People-based ad targeting brings the opportunity to target increasingly small segments of customers.

But with that comes the extra workload, creating more versions of ads. That's where creative management platforms (CMPs) and dynamic creative optimisation (DCO) comes in.

I caught up with Victor Wong, CEO of Thunder, a CMP, to find out more about how advertisers are using CMPs.

What's the typical use case of a CMP?

Creative management platforms help conquer today's ad design and production challenges.

Advertising keeps getting more fragmented. Campaigns have become multi-format, multi-size, multi-device, multi-audience and multi-channel.

CMPs give advertisers the creative leverage to both satisfy the variety of inventory requirements, and make variations of ads that are more relevant and perform better with specific audiences.

Are there particular industries suited to this tech?

The uses of a CMP are boundless, but I can give some examples of how industries are using CMPs differently.

Brands in fare-driven industries like hotels, cruise liners and airlines benefit from being able to control what fares are being shown where at any given time.

Consumer goods and automotive companies like the ability to cover ads for their entire product lines and diversify their messaging.

Enterprise B2B companies focus more on changing the creative based on buyer personas, the path to purchase, and then keep the creative fresh over time.

There are also great ways to apply a CMP for insurance, telco and financial services, too, that get more nuanced.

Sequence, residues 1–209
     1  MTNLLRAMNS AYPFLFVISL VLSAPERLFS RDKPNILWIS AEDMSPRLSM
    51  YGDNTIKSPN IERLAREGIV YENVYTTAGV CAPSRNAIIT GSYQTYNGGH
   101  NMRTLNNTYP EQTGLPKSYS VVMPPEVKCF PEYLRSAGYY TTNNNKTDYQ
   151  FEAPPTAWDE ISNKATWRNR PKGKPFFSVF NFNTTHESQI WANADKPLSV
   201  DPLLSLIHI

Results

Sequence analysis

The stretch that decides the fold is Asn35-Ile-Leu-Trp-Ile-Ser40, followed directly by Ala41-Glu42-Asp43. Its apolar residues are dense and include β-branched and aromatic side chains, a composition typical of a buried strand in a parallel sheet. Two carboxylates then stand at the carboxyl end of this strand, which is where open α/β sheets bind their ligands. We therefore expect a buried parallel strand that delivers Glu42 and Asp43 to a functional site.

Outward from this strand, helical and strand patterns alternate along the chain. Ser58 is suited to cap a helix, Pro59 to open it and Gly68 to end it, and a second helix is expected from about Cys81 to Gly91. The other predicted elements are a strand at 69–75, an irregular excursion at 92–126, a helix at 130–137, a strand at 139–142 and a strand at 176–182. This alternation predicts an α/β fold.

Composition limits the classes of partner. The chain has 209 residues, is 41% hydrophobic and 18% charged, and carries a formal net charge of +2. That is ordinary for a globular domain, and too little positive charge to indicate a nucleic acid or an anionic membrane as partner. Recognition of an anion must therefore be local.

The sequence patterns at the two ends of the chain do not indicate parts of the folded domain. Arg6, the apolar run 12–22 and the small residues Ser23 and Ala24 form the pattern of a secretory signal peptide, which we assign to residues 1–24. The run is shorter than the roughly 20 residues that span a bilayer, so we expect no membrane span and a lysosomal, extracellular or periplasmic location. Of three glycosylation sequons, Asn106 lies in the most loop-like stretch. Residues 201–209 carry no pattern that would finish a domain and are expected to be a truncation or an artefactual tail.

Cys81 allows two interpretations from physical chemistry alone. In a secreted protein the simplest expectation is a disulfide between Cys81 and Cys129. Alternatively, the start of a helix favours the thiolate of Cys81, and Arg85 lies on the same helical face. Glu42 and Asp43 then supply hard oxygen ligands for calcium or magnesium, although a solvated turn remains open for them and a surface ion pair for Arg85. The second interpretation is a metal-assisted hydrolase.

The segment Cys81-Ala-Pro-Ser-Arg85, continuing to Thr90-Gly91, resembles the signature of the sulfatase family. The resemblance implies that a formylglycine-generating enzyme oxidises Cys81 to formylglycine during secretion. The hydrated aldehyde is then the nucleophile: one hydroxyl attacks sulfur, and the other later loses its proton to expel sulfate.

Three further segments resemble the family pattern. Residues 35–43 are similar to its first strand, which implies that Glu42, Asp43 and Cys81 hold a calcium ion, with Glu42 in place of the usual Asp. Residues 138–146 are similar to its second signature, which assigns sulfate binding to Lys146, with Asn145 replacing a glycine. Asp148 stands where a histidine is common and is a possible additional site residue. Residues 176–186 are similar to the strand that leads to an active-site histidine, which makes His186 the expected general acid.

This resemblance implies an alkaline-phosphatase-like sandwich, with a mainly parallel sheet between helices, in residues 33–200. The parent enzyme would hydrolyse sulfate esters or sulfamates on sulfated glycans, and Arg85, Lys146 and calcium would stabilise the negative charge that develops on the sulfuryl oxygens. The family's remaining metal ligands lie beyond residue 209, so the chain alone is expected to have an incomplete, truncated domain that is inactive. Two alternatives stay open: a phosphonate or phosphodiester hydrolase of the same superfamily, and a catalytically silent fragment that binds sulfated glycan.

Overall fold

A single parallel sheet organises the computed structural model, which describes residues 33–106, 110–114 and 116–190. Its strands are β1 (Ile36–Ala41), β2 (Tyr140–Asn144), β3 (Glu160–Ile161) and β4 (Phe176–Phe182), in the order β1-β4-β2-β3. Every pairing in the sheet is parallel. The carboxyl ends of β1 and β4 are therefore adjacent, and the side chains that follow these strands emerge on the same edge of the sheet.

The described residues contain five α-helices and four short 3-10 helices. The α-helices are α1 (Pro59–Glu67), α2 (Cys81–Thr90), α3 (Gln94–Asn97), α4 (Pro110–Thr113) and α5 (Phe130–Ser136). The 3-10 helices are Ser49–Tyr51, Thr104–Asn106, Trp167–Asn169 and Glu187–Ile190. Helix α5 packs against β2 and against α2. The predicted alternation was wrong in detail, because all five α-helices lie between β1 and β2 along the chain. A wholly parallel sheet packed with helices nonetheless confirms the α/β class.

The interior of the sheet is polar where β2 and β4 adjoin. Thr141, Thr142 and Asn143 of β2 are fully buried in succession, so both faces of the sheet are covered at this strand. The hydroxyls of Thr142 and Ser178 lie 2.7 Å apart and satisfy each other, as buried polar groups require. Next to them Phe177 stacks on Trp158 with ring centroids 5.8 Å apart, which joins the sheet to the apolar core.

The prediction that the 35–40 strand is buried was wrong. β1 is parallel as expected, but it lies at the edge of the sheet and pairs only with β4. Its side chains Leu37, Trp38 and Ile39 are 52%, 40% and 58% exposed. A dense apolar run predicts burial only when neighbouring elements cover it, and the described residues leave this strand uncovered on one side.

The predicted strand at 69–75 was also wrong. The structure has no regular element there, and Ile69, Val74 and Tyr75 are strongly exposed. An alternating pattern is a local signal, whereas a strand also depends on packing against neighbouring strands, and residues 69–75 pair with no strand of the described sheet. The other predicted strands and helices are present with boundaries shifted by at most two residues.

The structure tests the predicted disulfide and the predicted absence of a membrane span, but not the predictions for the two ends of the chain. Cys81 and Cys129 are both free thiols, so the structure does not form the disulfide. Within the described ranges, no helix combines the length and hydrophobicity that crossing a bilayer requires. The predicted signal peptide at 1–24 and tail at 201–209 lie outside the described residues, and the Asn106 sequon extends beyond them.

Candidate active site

Often it's not a question of industry, but of scale. The larger advertisers tend to have actionable data in their DMPs (data management platforms) and see the potential ROI.

So perhaps strangely, it's the biggest companies that are actually moving the fastest in this space right now.

Visualisation of a CMP, via Thunder.

cmp

Are CMP users targeting ads at behaviours or demographics? Which is most effective?

Demographics are an easy place to start because they offer very straightforward uses for a CMP.

Global advertisers use CMPs to customize ads based on regions and languages, for example.

It's easy to fall into the trap of using the most obvious data, like local weather, even if it isn't at all relevant to your product or industry. 

A lot of the time it's a combination of data types. If you're a hotel company, then location is probably the most important factor.

If you're a smartphone brand, you want to vary the creative based on what phone the person is on in addition to demographics.

You only develop these insights if you run experiments. You can also leverage your DMP to find undiscovered and sometimes surprising segments based on what you already know.

How does a CMP integrate with an optimisation programme? 

CMPs use ad tags, code snippets in the place of files, to hook into optimisation tech like a DSP (demand side platform). Often the DSP is getting data from a DMP.

The DSP can then rotate the ads loaded in those snippets to programmable audiences and find the best creative/media/data combinations. This DSP/DMP/CMP trinity creates a virtuous optimization cycle with tremendous synergy.

Thunder is currently the only CMP with an integration to push ads into Facebook campaigns and ad sets as well.

What is currently the biggest creative challenge for display? Formats, creative, data?

The biggest problem for display is activating the data that is already being used in audience targeting. Advertisers are feeling a lot of pressure to leverage that data in the creative, too.

Over $6bn is being spent annually on data-driven ad technologies like DMPs and DSPs, but the vast majority of ads show the same generalized, generic creative to everyone.

The challenge is being able to take the audience data from the DMP, strategize creatively around it, and actually execute that strategy.

Companies that are doing that are getting a significantly better ROI from their data.

Want to find out more about programmatic technology? Why not attend Get With The Programmatic, September 21 in London.

Ben Davis

Published 25 August, 2016 by Ben Davis @ Econsultancy

Ben Davis is Deputy Editor at Econsultancy. He lives in Manchester, England. You can contact him at ben.davis@econsultancy.com, follow at @herrhuld or connect via LinkedIn.

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